Battling For Quality In Cupcakes And Technology
Whether donning an apron to create delicious confections, or safety glasses to test the inner workings of scientific instruments, Katherine Hickman’s goal is the same— to ensure quality excellence.
By day, Katherine (Kleinwort) Hickman (’10 food science) is a quality assurance specialist for Advanced Analytical Technologies in the Iowa State University Research Park. By night, she helps prepare Ames Cupcake Emporium for battle on the national television stage on The Food Network show Cupcake Wars.
Hickman, a native of St. Ansgar, Iowa, began her journey at Iowa State University in 2007 after receiving her pastry and baking degree from Le Cordon Bleu College in Minneapolis, Minn. An avid baker since childhood, Hickman enjoyed the challenge of baking, “It’s chemistry at work,” she says. “If even one thing is slightly off the entire outcome is affected.”
In 2010, Hickman visited the newly opened Ames Cupcake Emporium, met owner Tawnya Zerr and created a lasting friendship and partnership.
According to Zerr, Hickman’s aptitude in the kitchen and knowledge of food science made her the obvious choice to help as the assistant baker on Cupcake Wars. “She’s great,” says Zerr. “She knows her way around a kitchen, and can problem solve.”
“Biology, chemistry, food science and quality are all things I learned in college,” says Hickman. “Ingredient interaction and quality control were especially helpful with Cupcake Wars.”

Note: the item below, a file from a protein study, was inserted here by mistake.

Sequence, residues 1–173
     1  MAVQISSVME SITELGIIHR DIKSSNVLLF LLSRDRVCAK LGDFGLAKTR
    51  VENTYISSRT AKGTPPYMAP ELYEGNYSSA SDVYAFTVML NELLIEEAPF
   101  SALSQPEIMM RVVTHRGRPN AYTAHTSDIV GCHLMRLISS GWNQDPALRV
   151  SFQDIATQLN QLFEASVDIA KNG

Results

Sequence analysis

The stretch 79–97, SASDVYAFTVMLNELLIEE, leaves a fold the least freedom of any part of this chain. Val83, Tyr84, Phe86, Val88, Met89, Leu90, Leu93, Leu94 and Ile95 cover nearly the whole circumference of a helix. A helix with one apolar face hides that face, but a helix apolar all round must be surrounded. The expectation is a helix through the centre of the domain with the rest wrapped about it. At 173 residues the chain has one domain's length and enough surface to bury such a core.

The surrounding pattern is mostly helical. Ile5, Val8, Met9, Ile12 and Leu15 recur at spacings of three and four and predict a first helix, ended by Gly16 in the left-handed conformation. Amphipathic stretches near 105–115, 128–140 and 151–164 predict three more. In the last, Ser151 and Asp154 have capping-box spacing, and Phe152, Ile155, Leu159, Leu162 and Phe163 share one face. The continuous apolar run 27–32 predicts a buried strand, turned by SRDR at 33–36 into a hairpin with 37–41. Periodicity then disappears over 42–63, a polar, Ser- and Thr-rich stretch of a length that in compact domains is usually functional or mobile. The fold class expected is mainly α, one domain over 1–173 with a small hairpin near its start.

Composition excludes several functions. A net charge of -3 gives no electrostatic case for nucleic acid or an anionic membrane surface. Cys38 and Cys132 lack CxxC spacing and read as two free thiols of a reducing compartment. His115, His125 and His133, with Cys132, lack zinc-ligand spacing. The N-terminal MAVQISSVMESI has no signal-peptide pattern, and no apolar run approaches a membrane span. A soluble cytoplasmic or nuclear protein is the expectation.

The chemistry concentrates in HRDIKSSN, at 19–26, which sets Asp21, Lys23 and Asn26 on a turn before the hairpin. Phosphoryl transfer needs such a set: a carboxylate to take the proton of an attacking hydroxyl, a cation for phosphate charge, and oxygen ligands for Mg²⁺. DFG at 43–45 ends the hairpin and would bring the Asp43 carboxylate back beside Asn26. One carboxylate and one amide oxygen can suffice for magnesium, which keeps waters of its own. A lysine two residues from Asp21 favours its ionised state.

Those same skills led Hickman to her chosen career in quality assurance.
Advanced Analytical Technologies manufactures and sells an analytical instrument called the fragment analyzer. It is used by researchers in hospitals, museums and agricultural companies around the world to simultaneously measure the size and amount of DNA and RNA in samples. Samples can be used for a variety of research such as analyzing properties of DNA in seed corn.
Hickman describes the process, on a macro scale, as similar to sorting vegetables in a basket—vegetables are separated from one another and the quantity of each is determined.
“Iowa State owns two of our instruments for research in food science and human nutrition and molecular biology,” Hickman says. “And our machines are on six of the seven continents.” Hickman has enjoyed reconnecting with one of her favorite food science and human nutrition professors, Lester Wilson.
“I noticed the viscosity of the gel in one of our machines wasn’t correct; the DNA wasn’t being separated correctly,” she says. “We worked together to determine the correct viscosity of the gel, and develop new specifications for the product.”